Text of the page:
Maldives challenger Ibrahim Mohamed Solih wins presidency

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    More than 250,000 voters in the Maldives, out of a population of 350,000, were eligible to vote in the election [Sharif Ali/Al Jazeera]

    Maldivian presidential challenger Ibrahim Mohamed Solih has beaten incumbent Abdulla Yameen according to provisional results, the country’s Elections Commission says.

    The Maldives government has acknowledged the opposition’s victory after the vote on Sunday, a surprise defeat for President Abdulla Yameen who was widely expected to win.

    Results released by the Elections Commission on Monday morning showed Solih had secured 58.3 percent of the popular vote as opposed to the incumbent, President Yameen, who garnered 42 percent of the votes.

    “We have won this election with a comfortable majority,” Solih told reporters in Male.

    “This is a moment of happiness. This is a moment of hope. This is a moment of history. We will establish a just and peaceful society in the Maldives. I will be a president for all Maldives.

    “I would like to call upon President Abdulla Yameen and ask him to respect the will of the people and to immediately begin the smooth transition of power.”

    The US State Department has congratulated voters for raising their “democratic voices” and urged the country’s leaders to respect the outcome.

    “We urge calm and respect for the will of the people as the election process concludes,” the State Department wrote in a Tweet.

    Celebrations broke out across the tropical archipelago with opposition supporters carrying yellow flags of Solih’s Maldivian Democratic Party (MDP) and dancing on the streets. There was no response from Yameen after results were announced.

    Earlier in the night, after early results showed a strong lead for the opposition, Ahmed Nihan, a senior ruling party official, told Al Jazeera that while it was too early to declare a winner, the Progressive Party of the Maldives “has the courage to accept the citizen’s say, regardless of whether we win or lose”.

    “We have proved we are capable of facilitating an orderly vote,” said Nihan, adding that the opposition’s claims of vote rigging prior to the election were “baseless”.

    Sunday’s election, considered a referendum on democracy in the troubled island nation, saw Solih run against incumbent president Yameen who sought re-election with a pledge to boost Maldives’ economy after a first five-year term marred by allegations of rights abuses and corruption.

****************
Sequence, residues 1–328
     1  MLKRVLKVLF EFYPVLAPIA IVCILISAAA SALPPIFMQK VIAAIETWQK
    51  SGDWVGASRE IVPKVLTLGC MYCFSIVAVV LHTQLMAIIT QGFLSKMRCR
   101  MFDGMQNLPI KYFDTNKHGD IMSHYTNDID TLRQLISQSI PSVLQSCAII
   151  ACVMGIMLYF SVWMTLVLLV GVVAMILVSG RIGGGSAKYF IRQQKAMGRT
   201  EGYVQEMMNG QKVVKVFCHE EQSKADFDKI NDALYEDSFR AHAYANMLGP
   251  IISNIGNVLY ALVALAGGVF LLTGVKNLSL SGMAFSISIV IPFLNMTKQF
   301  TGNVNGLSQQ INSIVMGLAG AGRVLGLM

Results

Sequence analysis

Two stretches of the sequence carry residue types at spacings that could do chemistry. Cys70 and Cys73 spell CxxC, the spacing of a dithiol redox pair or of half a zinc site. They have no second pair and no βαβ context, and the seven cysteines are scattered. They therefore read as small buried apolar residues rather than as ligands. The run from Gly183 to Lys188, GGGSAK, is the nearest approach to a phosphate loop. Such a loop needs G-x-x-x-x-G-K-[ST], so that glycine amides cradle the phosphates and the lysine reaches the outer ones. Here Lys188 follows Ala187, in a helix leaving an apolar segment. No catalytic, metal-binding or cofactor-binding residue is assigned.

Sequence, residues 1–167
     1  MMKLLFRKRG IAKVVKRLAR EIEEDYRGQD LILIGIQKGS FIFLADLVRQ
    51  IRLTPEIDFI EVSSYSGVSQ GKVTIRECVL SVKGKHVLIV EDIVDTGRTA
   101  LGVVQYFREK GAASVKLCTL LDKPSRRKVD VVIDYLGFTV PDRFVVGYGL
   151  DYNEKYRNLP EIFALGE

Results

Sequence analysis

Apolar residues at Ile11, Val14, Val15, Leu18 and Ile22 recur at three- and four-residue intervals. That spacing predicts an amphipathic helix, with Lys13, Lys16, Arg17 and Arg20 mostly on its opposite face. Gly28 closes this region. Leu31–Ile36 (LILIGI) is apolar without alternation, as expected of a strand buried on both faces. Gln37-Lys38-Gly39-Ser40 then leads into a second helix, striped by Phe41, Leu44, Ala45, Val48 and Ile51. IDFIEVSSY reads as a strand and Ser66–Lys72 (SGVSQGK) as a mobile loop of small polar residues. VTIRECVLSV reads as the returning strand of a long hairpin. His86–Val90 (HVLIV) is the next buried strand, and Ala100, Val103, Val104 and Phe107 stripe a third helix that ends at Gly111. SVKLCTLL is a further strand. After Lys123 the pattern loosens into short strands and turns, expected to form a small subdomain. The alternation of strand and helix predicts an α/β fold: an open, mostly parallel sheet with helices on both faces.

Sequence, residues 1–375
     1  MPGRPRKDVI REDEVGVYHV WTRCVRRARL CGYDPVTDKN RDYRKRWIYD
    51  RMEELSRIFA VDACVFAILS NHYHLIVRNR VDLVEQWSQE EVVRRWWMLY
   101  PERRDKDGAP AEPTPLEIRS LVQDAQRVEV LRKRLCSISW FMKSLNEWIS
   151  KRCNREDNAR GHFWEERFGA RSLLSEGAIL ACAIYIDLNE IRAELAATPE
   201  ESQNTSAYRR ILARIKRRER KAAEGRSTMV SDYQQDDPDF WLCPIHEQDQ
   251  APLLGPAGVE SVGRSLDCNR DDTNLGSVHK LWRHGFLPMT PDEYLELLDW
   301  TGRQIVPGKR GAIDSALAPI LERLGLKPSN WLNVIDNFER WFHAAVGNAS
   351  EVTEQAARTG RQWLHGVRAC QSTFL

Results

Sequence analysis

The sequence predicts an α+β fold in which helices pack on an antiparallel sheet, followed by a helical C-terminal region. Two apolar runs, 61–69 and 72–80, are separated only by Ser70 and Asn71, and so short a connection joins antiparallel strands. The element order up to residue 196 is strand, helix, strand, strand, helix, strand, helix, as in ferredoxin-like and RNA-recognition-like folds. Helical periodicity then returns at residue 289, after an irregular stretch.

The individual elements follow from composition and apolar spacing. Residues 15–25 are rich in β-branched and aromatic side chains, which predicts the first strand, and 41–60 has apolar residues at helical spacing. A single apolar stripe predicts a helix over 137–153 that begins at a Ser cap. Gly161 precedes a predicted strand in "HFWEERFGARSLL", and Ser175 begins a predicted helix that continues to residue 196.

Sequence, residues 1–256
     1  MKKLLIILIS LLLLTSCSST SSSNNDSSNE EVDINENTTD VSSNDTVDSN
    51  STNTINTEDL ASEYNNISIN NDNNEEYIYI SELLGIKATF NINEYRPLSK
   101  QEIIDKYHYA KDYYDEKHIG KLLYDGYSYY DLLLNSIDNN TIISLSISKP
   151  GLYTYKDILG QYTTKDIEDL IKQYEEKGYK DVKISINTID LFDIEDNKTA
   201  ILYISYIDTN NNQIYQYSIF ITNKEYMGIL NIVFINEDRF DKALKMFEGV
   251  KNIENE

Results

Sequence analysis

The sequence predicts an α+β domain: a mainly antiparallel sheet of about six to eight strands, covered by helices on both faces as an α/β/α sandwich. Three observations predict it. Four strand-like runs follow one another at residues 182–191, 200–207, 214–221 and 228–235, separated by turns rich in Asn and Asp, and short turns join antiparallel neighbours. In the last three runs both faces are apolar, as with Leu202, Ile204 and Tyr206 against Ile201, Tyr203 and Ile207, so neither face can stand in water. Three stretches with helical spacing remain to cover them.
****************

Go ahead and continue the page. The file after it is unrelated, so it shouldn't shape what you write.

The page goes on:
More than 250,000 people in the Maldives, out of a population of 350,000, were eligible to vote in Sunday’s election. Voting was also taking place in Kuala Lumpur and Sri Lanka.

    Following Solih’s speech, jubilant supporters celebrated on social media as well as the streets of Male.

    Hundreds gathered in front of the opposition’s campaign office despite heavy rain, congratulating each other and exchanging hugs.

    Aishath Sheeza, 50, who said she was arrested several times for protesting against Yameen’s government, was “euphoric”.

    “I have suffered in jail. I have been detained and beaten unjustly,” said Sheeza. “I feel so much tonight. I just want to celebrate.”

    Turbulent year

    Watching results on national television in the Maldivian capital, Male, Dhahau Naseem said she was “ecstatic”.

    “Perhaps there is no way out for Yameen this time,” said Naseem who was “scared of being optimistic about positive results” ahead of the election.

    This was “given Yameen’s refusal to tolerate any dissent in the past”, according to Naseem who was referring to the president’s declaration of a state of emergency in defiance of a Supreme Court ruling in February, which ordered the release of jailed dissidents.

    The emergency decree was Yameen’s second in five years. Within hours of the declaration, security forces arrested two out of the five top court judges on charges of plotting a coup.

    Yameen’s half-brother, Maumoon Abdul Gayoom, who ruled the island nation for 30 years, was also arrested.

    View the original article:

    The three were later jailed on charges of obstructing justice.

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